BAKED AVOCADO WITH EGGS
A stuffed avocado is perfect for breakfast and only takes minutes to make. If you are in a real hurry use your microwave. Serve with salsa and toast.
2 whole eggs
Salt and pepper to taste
Preheat the oven to 425 degrees. Halve an avocado and remove the pit. Place one half in a ring of aluminum foil so it stays upright. Brush with olive oil. Crack an egg into the hollow of the avocado. Sprinkle with salt and pepper. Broil for 5 minutes. Serve with a tortilla and an avocado margarita.
AVOCADO'S POETRY CORNER
What peaches and what penumbras! Whole families shopping at night! Aisles full of husbands! Wives in the avocados, babies in the tomatoes!—and you, García Lorca, what were you doing down by the watermelons? —Allen Ginsberg
Possibly Coming Soon:
How to make an edible honey and avocado face mask and deep hair conditioner.
THE HISTORY OF MASA
AND WHY IT'S STILL CONSIDERED BAD
LUCK TO DROP A TORTILLA
“Tita knew through her own flesh how fire transforms the elements, how a lump of corn flour is changed into a tortilla, how a soul that hasn’t been warmed by the fire of love is lifeless, like a useless ball of corn flour.”—Laura Esquivel
Teosinte grass originally grew in Central America and Mexico during Pre-Columbian times. When the plant was cultivated into corn, several thousand years ago, the kernels were small and resembled the seeds on a wheat stalk. Since maize could be eaten fresh or dried and stored, the domestication of the plant was critical to the early survival of the Aztec, Maya, Inca, and native North Americans.
The Mesoamerican civilization discovered the process of nixtamalization in 3,000 BC. “Nixtamalization” from the Aztec word “nixtamalli,” a combination of the words for ashes and dough, involves cooking and steeping corn in an alkaline solution to soften the kernel’s tough outer layer. After the liquid is drained and the pericarp, or skin, removed, the batch of corn is ground into the dough known as masa. Not only does nixtamalization allow the grain to absorb water quickly and grind more easily, but it also increases the bioavailability of the then-unknown niacin.
The Aztecs revered corn and honored the plants with deities. Per Aztec legend, Quetzalcoatl, the God of civilization, collected precious bones from the underworld and sprinkled them with his blood. He took the sacred bones to Coatlicue, the mother of the gods, who milled them. From the kneaded dough, she created the first two humans.
The gods watched as their fledglings became weak with hunger. While they were trying to figure out how to feed us, Quetzalcoatl noticed a red ant carrying a corn kernel out of a mountain. He turned himself into a black ant, and then went into Tonacatépetl, the Mountain of Our Sustenance. Quetzalcoatl found the hidden corn and brought it back to where the deities lived. The gods chewed the corn and put some of the corn paste into our mouths. And that was our first taste of food.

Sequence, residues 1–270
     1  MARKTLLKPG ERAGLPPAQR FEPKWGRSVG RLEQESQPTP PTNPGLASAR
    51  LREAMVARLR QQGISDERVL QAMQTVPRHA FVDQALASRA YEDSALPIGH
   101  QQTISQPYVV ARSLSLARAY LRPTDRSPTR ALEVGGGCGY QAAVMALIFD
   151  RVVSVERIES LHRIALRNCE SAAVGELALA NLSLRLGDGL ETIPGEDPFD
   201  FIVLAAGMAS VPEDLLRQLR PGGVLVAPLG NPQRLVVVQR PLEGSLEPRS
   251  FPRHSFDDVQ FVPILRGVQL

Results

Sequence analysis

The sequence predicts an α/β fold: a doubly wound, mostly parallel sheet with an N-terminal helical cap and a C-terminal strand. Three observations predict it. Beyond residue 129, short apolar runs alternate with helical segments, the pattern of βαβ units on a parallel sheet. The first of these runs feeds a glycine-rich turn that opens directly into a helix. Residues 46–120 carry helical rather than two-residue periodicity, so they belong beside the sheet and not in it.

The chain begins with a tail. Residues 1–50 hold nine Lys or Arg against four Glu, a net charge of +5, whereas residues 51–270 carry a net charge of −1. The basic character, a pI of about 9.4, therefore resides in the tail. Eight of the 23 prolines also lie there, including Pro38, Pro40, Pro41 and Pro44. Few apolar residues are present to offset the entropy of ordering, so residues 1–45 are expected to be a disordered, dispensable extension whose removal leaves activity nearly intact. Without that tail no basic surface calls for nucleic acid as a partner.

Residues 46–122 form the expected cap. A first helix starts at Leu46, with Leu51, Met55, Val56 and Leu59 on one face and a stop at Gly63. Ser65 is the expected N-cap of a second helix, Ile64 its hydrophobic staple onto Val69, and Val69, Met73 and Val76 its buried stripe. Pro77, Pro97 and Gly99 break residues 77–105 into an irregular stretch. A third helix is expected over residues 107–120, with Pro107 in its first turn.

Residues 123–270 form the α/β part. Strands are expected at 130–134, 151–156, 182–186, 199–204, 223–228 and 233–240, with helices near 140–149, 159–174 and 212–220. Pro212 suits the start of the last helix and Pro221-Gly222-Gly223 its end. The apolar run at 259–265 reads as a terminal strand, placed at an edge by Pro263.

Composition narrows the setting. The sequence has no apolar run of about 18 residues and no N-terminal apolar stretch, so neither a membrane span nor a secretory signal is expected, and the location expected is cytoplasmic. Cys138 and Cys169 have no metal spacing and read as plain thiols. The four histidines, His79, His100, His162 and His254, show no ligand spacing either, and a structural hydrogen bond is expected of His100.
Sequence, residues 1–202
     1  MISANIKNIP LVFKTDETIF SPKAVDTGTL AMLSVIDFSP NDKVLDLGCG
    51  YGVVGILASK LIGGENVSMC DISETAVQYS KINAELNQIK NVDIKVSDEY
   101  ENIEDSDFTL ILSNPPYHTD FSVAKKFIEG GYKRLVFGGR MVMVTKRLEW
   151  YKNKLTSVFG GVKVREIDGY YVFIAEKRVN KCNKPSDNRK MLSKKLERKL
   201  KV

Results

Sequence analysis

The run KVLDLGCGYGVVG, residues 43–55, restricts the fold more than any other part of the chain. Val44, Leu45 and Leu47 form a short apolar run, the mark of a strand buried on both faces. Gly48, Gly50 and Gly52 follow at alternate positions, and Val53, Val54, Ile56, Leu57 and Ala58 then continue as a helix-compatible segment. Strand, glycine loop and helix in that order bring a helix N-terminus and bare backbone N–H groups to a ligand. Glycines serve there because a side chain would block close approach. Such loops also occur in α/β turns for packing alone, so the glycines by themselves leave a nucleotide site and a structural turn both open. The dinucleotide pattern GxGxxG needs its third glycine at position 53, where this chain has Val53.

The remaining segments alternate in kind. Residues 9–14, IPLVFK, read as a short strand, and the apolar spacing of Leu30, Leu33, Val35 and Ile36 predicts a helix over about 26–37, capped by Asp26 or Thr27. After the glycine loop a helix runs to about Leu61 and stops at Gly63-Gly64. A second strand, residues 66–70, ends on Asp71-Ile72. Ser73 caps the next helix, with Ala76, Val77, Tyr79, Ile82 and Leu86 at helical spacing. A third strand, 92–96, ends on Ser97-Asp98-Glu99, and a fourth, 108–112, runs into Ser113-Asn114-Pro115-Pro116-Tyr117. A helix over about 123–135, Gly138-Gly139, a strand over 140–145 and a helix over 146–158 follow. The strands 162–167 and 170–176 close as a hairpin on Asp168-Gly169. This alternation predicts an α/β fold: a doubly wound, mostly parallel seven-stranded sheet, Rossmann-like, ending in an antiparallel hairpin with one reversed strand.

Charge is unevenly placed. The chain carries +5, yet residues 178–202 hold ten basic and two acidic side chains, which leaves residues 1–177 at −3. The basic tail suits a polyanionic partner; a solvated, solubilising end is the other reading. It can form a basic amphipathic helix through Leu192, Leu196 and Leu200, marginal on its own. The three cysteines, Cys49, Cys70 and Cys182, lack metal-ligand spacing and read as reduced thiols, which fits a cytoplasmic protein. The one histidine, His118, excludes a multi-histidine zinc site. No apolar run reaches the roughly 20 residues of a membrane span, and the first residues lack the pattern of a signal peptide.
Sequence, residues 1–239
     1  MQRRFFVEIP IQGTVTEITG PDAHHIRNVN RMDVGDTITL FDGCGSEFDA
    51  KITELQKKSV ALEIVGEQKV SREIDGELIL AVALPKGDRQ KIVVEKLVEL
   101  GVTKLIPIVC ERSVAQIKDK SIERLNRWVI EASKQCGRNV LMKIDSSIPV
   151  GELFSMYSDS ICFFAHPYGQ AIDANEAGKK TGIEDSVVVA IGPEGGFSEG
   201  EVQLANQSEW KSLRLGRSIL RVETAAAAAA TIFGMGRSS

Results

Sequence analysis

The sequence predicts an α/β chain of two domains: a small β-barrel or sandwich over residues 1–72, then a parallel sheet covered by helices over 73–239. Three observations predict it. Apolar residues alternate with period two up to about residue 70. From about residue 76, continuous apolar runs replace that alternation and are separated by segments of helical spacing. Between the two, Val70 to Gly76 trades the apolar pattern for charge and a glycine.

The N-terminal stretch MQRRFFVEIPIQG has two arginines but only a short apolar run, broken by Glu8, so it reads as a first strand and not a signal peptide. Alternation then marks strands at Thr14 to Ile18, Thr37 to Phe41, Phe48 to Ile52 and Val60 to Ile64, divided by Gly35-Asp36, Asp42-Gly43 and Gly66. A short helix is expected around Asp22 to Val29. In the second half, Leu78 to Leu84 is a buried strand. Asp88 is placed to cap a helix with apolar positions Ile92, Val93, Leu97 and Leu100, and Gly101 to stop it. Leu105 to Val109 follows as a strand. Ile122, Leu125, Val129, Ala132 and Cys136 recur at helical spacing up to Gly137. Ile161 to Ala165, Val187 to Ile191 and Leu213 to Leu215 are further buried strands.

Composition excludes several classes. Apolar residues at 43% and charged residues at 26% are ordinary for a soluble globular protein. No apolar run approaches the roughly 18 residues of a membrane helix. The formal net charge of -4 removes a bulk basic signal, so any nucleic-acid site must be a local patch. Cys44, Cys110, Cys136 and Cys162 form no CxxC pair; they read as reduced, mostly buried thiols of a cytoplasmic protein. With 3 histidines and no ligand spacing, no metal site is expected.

For thousands of years, maize was considered sacred as it had spiritual and religious significance. From birth, when the umbilical cord would be cut over a maize cob, to death, when a small piece of maize dough was placed in the mouth of the deceased, maize played a central role in the cultures of Mesoamerica.
The Aztecs ate twice daily, with the main meal being served during the hottest time of the day. This mid-afternoon meal consisted of “tlaxcalli” a flat maize bread eaten with sauces and served with whole beans, avocados, squash and fruit.
Pozole, from the Nahuatl “potzolli” which means foamy, is a soup that was served during special occasions and rituals. Hominy boiled with the skin of sacrificed human prisoners was served in communal ceremonies.
For the Spanish conquistadors, the story of masa began in 1519, when Hernán Cortés arrived in Mexico. The first mention of corn appears in a second letter from Cortés to King Charles V of Spain. In the letter dated 1520, he wrote, "...maize, in the grain and in the form of bread, preferred in the grain for its flavor to that of the other islands and Terra-firma…”
The Aztecs served the Spaniards “tlaxcalli,” a name they changed to “tortilla” in honor of the “little cake” of their homeland. Other masa-based dishes served were “chīllapītzalli” the Nahuatl words for “chili” and “flute” The dish eventually became known as enchiladas, and “chīlāquilitl” known today as chilaquiles.
At Coyoacán, the Spaniards also enjoyed the “tamalii,” a word they altered to “tamale.” The “wrapped food,” as the Nahuatl name translated, was filled with a variety of meats, seafood, vegetables, insects, worms, fungi, nuts and fruit and wrapped in corn husks or avocado leaves. These portable morsels would prove beneficial for the conquistadors’ future travels.
Corn (batches of tamales and stacks of tortillas) was among the foods taken back to Europe. The plant quickly spread throughout France, Italy, southeastern Europe, and northern Africa. By 1575, corn was making its way into western China, and had become important in the Philippines and the East Indies.